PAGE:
The Electric Prunes Embodied A Movement

I couldn’t resist the title (although I probably should have) but the Electric Prunes were typical of the many colorfully-named groups that seemed to be around in the psychedelic Sixties. It was an era for inventive names, and whether those monikers were really the result of a drug-induced haze or marketing — or both — there were certainly a lot of them around.

I’ve written before about at least one of them — The Peanut Butter Conspiracy — but there were plenty of others; among them Strawberry Alarm Clock, Bubble Puppy, and the Electric Prunes, a group with a name that evokes images best left alone. The band is probably mostly remembered for its biggest hit, 1967’s “I Had Too Much to Dream Last Night,” and it also contributed two songs to the soundtrack of the 1969 counterculture film, Easy Rider.

The Electric Prunes were originally known as the Sanctions, and were comprised of lead vocalist James Lowe, Ken Williams, Michael Weakley, Joe Dooley and Mark Tulin. Although the guys had some talent, they weren’t able to get a lot of career traction until they joined up with some professionals behind the scenes. Helped by some new music and inventive studio effects, the band’s music took off with their first hit, “I Had Too Much to Dream Last Night.”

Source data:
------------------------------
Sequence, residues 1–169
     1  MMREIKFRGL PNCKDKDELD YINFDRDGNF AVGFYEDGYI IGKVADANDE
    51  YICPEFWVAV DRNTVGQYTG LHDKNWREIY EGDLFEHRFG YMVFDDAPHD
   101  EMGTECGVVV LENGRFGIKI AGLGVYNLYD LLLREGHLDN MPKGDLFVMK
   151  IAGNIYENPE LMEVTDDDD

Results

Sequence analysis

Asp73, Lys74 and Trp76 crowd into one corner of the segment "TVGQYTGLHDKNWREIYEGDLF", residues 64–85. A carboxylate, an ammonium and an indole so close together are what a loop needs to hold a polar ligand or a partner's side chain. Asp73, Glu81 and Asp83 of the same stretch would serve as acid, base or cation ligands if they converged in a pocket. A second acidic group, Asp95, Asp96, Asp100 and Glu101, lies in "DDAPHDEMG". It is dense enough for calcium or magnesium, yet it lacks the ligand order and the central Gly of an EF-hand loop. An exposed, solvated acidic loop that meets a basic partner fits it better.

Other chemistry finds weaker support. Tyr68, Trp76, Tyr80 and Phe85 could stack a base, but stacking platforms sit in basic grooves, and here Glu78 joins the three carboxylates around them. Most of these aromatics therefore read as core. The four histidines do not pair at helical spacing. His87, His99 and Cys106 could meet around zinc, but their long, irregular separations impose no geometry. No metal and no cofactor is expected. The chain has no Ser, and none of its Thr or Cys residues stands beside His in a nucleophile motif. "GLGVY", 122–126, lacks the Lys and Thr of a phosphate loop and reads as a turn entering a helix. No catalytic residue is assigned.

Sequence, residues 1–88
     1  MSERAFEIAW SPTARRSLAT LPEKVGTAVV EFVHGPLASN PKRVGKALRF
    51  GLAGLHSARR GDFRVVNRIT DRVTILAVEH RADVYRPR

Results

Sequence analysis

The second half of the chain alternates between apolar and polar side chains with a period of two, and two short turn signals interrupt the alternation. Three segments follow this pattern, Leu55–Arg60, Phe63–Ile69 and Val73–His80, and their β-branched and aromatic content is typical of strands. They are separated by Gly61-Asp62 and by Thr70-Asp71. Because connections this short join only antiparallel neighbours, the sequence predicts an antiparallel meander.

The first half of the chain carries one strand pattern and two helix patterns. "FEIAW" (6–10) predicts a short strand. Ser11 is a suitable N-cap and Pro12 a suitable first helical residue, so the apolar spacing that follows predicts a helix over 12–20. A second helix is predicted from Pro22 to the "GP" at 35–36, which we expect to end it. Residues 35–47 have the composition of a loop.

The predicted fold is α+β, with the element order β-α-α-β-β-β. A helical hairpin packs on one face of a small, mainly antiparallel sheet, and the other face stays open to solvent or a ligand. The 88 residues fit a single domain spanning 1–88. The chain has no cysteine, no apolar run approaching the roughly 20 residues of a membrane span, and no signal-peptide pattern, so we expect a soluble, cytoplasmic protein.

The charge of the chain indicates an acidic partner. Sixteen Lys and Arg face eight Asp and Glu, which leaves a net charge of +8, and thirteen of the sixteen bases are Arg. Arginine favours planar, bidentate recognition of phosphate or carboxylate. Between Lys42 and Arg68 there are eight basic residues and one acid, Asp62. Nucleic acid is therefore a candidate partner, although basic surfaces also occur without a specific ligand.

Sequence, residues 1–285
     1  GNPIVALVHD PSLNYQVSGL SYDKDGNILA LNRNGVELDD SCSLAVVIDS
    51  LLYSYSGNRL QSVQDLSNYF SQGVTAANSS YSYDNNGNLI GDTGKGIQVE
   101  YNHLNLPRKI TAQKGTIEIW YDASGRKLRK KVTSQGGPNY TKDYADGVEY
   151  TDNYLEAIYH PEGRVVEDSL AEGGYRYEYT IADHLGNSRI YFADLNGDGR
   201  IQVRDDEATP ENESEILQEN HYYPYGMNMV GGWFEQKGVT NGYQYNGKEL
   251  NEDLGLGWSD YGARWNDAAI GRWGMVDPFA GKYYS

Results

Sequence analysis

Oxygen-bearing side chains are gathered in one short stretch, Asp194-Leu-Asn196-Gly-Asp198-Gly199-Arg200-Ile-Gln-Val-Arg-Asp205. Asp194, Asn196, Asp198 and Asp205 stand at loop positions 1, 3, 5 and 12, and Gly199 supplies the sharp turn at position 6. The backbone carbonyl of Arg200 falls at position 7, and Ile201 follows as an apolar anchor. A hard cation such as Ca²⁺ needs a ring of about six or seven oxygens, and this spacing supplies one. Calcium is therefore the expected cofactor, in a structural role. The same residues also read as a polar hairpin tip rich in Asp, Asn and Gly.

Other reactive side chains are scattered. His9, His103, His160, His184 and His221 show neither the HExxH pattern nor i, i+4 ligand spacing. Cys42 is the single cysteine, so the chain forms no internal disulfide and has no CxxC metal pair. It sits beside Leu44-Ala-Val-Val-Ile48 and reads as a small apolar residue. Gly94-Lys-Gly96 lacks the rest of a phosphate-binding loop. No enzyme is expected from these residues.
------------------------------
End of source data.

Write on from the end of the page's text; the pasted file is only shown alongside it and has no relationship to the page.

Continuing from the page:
Their follow-up, a much-altered version of Bo Diddley’s “Get Me to the World on Time,” (video below) also proved to be a hit with fans. By then the group had generated two albums and had taken more control of their own music, but their third album, 1968’s Mass in F Minor, which seemed to be filled with psychedelic religious tunes, didn’t do as well.

The Electric Prunes dissolved by the end of the decade, but some of the guys got together again a few years ago — almost four decades after their initial success. At last report, they’re still performing and entertaining their fans.

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